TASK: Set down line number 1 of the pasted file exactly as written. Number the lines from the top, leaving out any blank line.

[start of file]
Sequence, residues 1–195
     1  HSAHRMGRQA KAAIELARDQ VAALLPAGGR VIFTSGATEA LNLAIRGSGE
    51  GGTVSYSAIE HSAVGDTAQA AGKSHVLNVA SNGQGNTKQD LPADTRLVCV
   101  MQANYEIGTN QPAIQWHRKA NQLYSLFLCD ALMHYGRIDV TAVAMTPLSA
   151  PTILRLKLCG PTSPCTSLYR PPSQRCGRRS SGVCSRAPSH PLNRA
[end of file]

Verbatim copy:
Sequence, residues 1–195